(This is the second of a two-part series. The first one focuses on why President Rodrigo Duterte and his administration embraced Mocha Uson as its top social media surrogate.)
President Rodrigo Duterte has appointed sexy entertainer-turned-online personality Mocha Uson as assistant secretary for the Philippine Communications Operations Office or PCOO effective May 8. The agency is currently led by former journalist Martin Andanar.
With over 5,000,000 Facebook fans and over 100,000 Twitter followers, Uson (Margaux Justiniano Uson in real life) is Duterte’s most prominent surrogate on the Internet even before the campaign period began. However, she has been the target of pointed criticisms mainly from the opponents of Duterte.
Six months ago, an online petition was circulated on Facebook by Ateneo de Manila University student Paul Quilet seeking to have her Facebook page taken down for allegedly being a “social media page which promotes lies and hate-mongering online.”
In reaction to Uson’s appointment to a senior government post, Quilet wrote this on his Facebook page: “The Duterte government, in almost a year in power, has legitimized impunity, police brutality, and extra-judicial killings. Today, fake news gets institutionalized as Mocha Uson assumes her new role as Presidential Communications Assistant Secretary. The best and the brightest indeed!”
It can be recalled that Uson was previously appointed as social media consultant of Bureau of Customs under Commissioner Nicanor Faeldon although it was revoked at the last minute when netizens severely criticized and mocked her placement.
While Uson is not alone in being an outspoken supporter of President Rodrigo Duterte, she is unhinged in her language especially in responding to her critics. For example, she called Vice President Leni Robredo “tanga” (“stupid”) on her DZRH radio show – a move that got her suspended for some time.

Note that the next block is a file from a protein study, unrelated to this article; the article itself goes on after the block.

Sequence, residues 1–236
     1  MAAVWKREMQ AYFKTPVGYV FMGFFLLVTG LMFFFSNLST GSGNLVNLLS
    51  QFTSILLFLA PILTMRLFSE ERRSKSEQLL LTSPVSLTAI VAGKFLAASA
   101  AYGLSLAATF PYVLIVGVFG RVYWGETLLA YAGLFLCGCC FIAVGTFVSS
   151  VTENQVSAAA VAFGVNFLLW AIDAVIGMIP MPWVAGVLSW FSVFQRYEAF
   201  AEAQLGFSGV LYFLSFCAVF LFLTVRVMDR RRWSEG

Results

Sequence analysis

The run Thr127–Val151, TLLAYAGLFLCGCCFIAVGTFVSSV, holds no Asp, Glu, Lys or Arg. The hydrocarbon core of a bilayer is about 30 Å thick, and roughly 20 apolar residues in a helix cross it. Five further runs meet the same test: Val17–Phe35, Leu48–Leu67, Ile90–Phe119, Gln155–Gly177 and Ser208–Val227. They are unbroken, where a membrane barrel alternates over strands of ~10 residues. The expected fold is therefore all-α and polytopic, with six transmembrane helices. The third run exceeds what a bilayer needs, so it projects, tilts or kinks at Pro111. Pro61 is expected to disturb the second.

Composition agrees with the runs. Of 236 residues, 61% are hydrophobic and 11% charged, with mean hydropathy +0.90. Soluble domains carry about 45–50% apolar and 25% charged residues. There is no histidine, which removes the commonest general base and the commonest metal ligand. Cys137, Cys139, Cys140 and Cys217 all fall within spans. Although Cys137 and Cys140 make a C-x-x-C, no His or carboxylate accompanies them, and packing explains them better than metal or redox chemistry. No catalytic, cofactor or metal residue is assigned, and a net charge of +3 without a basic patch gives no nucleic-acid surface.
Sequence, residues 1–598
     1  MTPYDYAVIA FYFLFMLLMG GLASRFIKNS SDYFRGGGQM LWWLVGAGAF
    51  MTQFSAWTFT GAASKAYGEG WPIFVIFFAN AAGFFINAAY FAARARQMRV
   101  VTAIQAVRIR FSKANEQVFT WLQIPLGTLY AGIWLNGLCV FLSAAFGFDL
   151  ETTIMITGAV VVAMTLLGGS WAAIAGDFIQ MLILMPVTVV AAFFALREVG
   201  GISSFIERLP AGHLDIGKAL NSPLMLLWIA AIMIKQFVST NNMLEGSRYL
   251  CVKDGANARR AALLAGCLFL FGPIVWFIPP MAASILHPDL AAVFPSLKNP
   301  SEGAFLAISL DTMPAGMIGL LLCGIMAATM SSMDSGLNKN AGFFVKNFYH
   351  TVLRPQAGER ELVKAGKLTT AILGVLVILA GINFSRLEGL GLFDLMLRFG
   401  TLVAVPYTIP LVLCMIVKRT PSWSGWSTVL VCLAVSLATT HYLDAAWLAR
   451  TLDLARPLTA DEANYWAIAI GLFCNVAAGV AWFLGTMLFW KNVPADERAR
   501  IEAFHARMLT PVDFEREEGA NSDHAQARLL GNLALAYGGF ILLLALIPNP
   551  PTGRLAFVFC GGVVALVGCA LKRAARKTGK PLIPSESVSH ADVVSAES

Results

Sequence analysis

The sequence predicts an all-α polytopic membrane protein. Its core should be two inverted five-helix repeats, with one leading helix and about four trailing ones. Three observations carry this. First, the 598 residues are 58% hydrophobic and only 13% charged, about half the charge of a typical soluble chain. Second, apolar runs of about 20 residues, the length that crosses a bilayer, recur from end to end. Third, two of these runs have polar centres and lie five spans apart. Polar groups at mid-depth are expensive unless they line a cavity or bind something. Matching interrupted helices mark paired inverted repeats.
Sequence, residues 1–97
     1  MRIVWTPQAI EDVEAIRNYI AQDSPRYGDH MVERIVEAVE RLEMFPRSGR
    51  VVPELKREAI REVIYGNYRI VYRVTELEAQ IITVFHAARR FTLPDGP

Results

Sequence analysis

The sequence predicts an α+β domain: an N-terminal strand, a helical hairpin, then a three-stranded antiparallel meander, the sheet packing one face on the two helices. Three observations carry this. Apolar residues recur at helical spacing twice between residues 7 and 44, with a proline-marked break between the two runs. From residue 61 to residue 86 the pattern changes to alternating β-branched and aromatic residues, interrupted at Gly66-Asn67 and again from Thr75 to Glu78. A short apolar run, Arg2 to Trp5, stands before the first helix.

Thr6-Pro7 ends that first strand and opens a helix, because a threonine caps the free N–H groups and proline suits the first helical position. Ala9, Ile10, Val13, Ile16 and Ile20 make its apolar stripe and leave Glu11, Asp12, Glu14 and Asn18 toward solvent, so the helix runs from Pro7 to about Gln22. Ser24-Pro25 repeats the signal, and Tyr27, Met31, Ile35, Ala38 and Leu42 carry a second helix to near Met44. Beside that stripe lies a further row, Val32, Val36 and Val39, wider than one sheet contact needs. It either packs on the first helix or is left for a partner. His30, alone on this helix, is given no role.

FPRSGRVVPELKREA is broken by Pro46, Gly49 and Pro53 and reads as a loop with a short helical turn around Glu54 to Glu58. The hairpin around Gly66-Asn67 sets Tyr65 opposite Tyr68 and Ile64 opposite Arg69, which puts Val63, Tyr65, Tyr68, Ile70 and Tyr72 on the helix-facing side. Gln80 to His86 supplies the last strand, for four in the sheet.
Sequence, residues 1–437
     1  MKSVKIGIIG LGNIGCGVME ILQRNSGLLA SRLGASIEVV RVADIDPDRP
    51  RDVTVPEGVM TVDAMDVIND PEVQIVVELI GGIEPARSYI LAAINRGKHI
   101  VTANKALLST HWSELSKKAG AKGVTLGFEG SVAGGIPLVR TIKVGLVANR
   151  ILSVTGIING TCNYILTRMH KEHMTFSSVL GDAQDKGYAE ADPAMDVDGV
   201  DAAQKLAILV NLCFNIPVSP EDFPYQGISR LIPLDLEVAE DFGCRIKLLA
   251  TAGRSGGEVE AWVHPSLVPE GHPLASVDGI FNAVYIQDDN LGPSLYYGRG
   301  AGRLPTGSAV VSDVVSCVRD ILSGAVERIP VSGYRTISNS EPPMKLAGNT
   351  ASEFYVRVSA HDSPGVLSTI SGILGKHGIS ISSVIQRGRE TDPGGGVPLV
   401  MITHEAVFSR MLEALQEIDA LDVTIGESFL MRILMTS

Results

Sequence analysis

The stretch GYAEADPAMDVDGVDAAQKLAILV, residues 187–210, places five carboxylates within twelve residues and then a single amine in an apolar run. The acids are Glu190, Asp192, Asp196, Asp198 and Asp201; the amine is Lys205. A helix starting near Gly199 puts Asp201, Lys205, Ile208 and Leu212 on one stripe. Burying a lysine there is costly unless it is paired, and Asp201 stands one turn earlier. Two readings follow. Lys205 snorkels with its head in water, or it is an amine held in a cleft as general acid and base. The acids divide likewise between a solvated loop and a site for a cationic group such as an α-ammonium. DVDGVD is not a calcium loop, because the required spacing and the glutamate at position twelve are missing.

To be fair, it is not unusual for celebrities to weigh in on political issues. In the United States for example, defeated Democratic Party presidential nominee Hillary Clinton had singers Beyonce Knowles, Katy Perry, and Lady Gaga as well as talk show host Ellen DeGeneres as among her strongest supporters.
In past Philippine elections, local celebrities have also made known which side they are known – for example, comedian Willie Revillame back Manny Villar while couple Regine Velasquez and Ogie Alcasid backed Noynoy Aquino during the 2010 presidential polls.
So, what makes Uson stand out? Her strong appeal to the masses (she writes almost exclusively in Filipino) makes her a far more effective online surrogate than those that present themselves as public intellectuals like Liberal Party celebrity supporters Jim Paredes and Leah Navarro. Think of it this way: While all netizens including The Filipino Scribe are storeowners in the so-called marketplace of ideas, Uson gets more attention because of her wide reach.
However, Uson has been accused of using her online clout for sharing fake news to her millions of followers. Through Uson, we can better understand the strong link between the rise of fake news in the context of the worsening political polarization of Filipinos. Uson shows us how easy it is for fake news to be promoted to receptive audiences (in her case, Duterte supporters) at minimal costs.